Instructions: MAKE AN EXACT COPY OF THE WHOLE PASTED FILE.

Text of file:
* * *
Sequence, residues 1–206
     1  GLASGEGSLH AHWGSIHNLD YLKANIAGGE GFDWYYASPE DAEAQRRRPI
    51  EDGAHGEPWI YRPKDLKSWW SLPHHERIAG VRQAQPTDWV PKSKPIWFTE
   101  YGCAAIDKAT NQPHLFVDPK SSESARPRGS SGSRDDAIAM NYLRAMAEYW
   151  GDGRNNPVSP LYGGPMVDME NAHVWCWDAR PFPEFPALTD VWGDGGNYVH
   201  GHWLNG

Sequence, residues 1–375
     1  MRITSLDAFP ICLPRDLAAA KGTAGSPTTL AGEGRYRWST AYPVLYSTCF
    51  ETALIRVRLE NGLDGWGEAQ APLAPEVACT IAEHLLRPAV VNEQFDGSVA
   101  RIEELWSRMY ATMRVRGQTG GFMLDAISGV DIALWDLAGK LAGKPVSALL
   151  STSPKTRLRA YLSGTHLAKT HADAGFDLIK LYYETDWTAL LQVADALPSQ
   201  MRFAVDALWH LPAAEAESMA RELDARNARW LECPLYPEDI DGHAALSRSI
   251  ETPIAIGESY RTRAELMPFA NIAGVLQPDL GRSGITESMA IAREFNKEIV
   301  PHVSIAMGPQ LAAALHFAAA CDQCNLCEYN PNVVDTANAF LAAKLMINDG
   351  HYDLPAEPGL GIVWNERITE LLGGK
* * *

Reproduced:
Sequence, residues 1–206
     1  GLASGEGSLH AHWGSIHNLD YLKANIAGGE GFDWYYASPE DAEAQRRRPI
    51  EDGAHGEPWI YRPKDLKSWW SLPHHERIAG VRQAQPTDWV PKSKPIWFTE
   101  YGCAAIDKAT NQPHLFVDPK SSESARPRGS SGSRDDAIAM NYLRAMAEYW
   151  GDGRNNPVSP LYGGPMVDME NAHVWCWDAR PFPEFPALTD VWGDGGNYVH
   201  GHWLNG

Sequence, residues 1–375
     1  MRITSLDAFP ICLPRDLAAA KGTAGSPTTL AGEGRYRWST AYPVLYSTCF
    51  ETALIRVRLE NGLDGWGEAQ APLAPEVACT IAEHLLRPAV VNEQFDGSVA
   101  RIEELWSRMY ATMRVRGQTG GFMLDAISGV DIALWDLAGK LAGKPVSALL
   151  STSPKTRLRA YLSGTHLAKT HADAGFDLIK LYYETDWTAL LQVADALPSQ
   201  MRFAVDALWH LPAAEAESMA RELDARNARW LECPLYPEDI DGHAALSRSI
   251  ETPIAIGESY RTRAELMPFA NIAGVLQPDL GRSGITESMA IAREFNKEIV
   301  PHVSIAMGPQ LAAALHFAAA CDQCNLCEYN PNVVDTANAF LAAKLMINDG
   351  HYDLPAEPGL GIVWNERITE LLGGK